Are you getting as much on your plate as you should be?
Virtually all food products are delivered either frozen or refrigerated to restaurants, cafes, bars and take-away food outlets. Telematics and GPS tracking are becoming more popular in this space.
Food delivery fleets are a crucial part of our economy and are heavily relied upon. Imagine if Melbourne’s supply of coffee was affected!
These delivery fleets have numerous tasks at hand to ensure food and beverages are delivered on time, in good condition and within regulation without blowing the budgets of businesses.
Whether a small foodie fleet or an armada of vehicles, GPS tracking devices are becoming increasingly popular to track orders to keep shelves stocked and tables served.
Chris Edwards, managing director at Australian Catering Services in Brisbane says while business is going well, tracking technology is definitely something to be aware of as a way of improving efficiency.
“We are looking at tracking systems for food delivery utes and vans,” he said, “We use online booking systems and see on delivery sign-in services as a future step to improve customer experience.”
“I sit on a the QLD council for Restaurant and Catering and I know business needs to pick up more before those technologies get investigated further for our business. We have a fairly simple system running well at present, our clients just contact us directly if there is a problem with delivery or timing, however I see apps and vehicle tracking as part of the future for food deliveries.” he added.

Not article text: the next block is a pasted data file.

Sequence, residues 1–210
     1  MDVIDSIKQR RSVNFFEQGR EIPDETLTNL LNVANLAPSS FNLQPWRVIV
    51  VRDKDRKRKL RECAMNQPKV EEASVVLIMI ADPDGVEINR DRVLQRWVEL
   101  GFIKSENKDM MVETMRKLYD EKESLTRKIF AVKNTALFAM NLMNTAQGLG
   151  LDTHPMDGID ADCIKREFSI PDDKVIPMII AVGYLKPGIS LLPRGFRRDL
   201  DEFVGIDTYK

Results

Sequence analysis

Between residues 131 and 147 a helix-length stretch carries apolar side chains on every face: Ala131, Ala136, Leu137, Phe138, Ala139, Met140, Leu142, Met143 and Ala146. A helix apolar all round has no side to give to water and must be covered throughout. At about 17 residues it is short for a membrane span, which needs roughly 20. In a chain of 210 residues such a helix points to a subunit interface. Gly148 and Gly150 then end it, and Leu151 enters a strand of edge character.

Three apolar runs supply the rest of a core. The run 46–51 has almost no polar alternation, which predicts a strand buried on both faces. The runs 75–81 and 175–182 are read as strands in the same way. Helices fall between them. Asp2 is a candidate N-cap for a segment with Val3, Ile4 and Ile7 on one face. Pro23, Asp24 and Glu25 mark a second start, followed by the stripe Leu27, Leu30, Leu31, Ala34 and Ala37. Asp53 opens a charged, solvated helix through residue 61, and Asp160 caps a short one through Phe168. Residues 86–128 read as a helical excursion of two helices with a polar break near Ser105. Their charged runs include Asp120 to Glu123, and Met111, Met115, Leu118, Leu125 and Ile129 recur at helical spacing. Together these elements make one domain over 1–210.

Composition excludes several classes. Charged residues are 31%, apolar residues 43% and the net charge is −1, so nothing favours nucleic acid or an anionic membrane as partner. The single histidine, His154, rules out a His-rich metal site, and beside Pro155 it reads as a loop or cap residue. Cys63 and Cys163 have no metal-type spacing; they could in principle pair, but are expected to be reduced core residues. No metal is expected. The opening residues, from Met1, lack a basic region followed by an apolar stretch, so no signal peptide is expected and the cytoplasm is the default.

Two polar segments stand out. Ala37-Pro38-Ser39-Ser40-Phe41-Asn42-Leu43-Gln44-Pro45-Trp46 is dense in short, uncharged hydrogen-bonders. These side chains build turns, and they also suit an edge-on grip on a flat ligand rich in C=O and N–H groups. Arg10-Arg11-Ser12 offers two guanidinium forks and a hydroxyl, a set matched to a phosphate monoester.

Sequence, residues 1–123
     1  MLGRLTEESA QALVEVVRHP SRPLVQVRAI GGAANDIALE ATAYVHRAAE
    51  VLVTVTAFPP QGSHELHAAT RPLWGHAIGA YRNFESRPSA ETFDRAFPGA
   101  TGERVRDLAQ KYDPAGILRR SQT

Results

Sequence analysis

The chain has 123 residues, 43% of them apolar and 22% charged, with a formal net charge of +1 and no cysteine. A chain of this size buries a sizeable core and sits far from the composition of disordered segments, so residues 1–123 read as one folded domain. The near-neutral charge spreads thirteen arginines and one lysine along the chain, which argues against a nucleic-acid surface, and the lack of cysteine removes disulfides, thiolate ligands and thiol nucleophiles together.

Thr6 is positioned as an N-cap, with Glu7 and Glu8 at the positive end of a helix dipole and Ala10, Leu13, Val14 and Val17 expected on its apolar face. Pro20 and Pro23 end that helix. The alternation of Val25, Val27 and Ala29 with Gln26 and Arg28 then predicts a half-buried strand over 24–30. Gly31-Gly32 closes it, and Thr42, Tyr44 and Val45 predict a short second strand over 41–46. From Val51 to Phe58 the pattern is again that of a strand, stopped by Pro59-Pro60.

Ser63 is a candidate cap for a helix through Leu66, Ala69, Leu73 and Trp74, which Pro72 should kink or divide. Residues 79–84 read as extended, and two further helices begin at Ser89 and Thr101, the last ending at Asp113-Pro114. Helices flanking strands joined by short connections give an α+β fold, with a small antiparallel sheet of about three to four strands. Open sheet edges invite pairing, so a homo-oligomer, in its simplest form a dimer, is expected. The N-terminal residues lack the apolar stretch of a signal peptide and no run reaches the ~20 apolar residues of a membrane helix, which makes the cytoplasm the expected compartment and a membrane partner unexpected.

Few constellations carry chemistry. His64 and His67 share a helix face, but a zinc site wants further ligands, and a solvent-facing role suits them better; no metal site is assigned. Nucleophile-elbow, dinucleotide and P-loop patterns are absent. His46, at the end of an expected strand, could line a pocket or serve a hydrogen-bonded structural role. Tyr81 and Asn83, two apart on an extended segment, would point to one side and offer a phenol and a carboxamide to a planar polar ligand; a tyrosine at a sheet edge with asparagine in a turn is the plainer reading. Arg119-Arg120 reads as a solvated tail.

In the US, ETAs are being utilised to alert customers, that is cafe owners and restaurant management, of stock arriving. Offering customers exceptional customer service provides peace-of-mind and reliability because empty stores are a nightmare to those small to large business operators.
Advanced routing and mapping technology offers food fleets the benefit of shorter transport routes and resulting delivery duration. The knock-on effect here is less wear and tear on the fleet and cost savings through fuel use. It also provides a reduced demand on drivers, increasing safety and staff wellbeing. More importantly however, it reduces the chance of food spoilage with expiration dates.
It’s been suggested in the US that restaurant businesses will have over 70% of food delivered from outside the restaurant by 2020, meaning increasing fleet competition.